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Oxford Companion to Wine

Oxford Companion to Wine

By Jancis Robinson

Published 2006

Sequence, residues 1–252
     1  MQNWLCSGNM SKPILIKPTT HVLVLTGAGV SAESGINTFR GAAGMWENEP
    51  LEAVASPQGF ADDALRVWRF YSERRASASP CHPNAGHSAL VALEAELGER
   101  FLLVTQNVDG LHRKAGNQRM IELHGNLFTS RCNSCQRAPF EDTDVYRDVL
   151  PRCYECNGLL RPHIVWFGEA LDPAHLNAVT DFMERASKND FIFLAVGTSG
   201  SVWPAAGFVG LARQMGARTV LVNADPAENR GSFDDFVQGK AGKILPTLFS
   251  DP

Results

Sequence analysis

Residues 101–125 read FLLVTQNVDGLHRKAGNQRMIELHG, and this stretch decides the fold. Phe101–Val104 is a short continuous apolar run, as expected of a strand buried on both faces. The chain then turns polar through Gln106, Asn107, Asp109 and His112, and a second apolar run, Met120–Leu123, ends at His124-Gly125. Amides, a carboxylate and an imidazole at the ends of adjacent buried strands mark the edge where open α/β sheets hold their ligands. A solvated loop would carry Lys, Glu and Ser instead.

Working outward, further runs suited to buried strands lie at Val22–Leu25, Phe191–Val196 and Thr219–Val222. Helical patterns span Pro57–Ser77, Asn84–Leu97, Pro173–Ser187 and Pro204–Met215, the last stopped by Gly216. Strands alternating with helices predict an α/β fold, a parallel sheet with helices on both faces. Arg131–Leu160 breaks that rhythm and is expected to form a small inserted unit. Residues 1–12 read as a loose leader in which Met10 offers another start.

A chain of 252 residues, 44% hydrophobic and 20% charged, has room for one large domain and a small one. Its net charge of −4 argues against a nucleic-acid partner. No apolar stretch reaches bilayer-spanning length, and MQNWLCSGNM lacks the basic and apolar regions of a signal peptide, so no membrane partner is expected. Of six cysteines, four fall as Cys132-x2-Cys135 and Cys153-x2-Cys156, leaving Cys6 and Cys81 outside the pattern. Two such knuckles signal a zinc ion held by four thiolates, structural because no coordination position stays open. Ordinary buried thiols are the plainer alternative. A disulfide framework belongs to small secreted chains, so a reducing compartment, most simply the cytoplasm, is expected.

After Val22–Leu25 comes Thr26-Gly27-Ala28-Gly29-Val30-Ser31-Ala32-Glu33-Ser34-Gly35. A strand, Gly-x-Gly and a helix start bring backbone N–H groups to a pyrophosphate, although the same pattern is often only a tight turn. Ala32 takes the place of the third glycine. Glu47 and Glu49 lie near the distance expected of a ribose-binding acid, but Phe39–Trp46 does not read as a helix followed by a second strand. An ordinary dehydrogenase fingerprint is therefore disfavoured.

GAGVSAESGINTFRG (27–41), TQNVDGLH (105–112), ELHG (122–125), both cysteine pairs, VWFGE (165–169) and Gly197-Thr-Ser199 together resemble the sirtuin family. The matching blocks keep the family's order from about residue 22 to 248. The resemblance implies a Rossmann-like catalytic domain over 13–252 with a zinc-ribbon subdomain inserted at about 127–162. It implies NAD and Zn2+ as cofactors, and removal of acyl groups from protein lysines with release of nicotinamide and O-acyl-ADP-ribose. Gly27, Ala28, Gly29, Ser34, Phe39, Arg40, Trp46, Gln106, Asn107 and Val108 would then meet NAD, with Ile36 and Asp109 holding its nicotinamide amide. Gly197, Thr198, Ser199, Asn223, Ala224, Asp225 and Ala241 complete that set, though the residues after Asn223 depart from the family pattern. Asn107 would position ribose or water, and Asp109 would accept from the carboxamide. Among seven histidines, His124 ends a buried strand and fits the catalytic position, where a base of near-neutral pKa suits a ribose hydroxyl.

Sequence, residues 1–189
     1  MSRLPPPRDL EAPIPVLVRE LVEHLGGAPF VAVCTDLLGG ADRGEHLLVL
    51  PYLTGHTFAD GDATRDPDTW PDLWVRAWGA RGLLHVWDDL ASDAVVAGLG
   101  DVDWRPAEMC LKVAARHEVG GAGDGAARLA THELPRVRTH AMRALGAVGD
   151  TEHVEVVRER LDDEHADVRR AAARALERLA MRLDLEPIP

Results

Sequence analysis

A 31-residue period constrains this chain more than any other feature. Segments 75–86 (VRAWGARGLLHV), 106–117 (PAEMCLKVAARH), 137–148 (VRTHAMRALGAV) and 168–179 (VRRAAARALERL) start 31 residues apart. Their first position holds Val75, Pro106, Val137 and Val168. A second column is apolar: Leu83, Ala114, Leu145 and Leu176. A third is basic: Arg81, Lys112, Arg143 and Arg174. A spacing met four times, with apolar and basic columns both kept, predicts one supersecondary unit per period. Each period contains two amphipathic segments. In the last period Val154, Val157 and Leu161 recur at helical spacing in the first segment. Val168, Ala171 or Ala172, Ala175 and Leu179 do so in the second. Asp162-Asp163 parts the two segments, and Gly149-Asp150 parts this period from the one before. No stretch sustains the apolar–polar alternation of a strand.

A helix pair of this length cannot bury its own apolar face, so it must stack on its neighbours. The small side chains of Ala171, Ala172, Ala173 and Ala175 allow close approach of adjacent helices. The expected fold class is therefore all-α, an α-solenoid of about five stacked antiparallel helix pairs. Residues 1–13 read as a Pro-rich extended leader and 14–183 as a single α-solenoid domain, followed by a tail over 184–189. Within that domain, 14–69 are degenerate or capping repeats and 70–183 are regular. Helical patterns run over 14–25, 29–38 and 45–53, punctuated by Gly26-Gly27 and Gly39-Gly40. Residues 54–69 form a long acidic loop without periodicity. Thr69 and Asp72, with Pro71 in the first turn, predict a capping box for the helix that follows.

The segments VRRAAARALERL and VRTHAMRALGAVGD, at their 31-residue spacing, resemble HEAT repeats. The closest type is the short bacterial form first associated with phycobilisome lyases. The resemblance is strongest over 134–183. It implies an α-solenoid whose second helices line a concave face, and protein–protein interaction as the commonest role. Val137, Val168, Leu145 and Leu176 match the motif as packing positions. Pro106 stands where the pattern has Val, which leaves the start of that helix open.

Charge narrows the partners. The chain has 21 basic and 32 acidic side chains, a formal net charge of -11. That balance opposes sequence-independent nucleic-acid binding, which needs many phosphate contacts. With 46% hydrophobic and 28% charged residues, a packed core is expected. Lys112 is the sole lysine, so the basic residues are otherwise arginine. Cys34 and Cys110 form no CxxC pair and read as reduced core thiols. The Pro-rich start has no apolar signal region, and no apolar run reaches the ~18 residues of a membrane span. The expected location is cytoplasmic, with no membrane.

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Sardinia, known as Sardegna, in Italian (the Italian adjective is Sardo), Mediterranean island 200 km/125 miles off the coast of Italy at its nearest point, governed by carthage before conquest by Ancient rome, and subsequently by Byzantines, Arabs, and Catalans. (See map under italy.) Sardinia became an integral part of Italy only in 1726, when it was ceded to the House of Savoy. Historically, linguistically, and culturally, as well as geographically, the island seems detached from the mainstream of Italian civilization, and it is no surprise that at least two of its significant grape varieties—cannonau (garnacha) and Carignano (carignan), also known as bovale Grande—are of Spanish origin.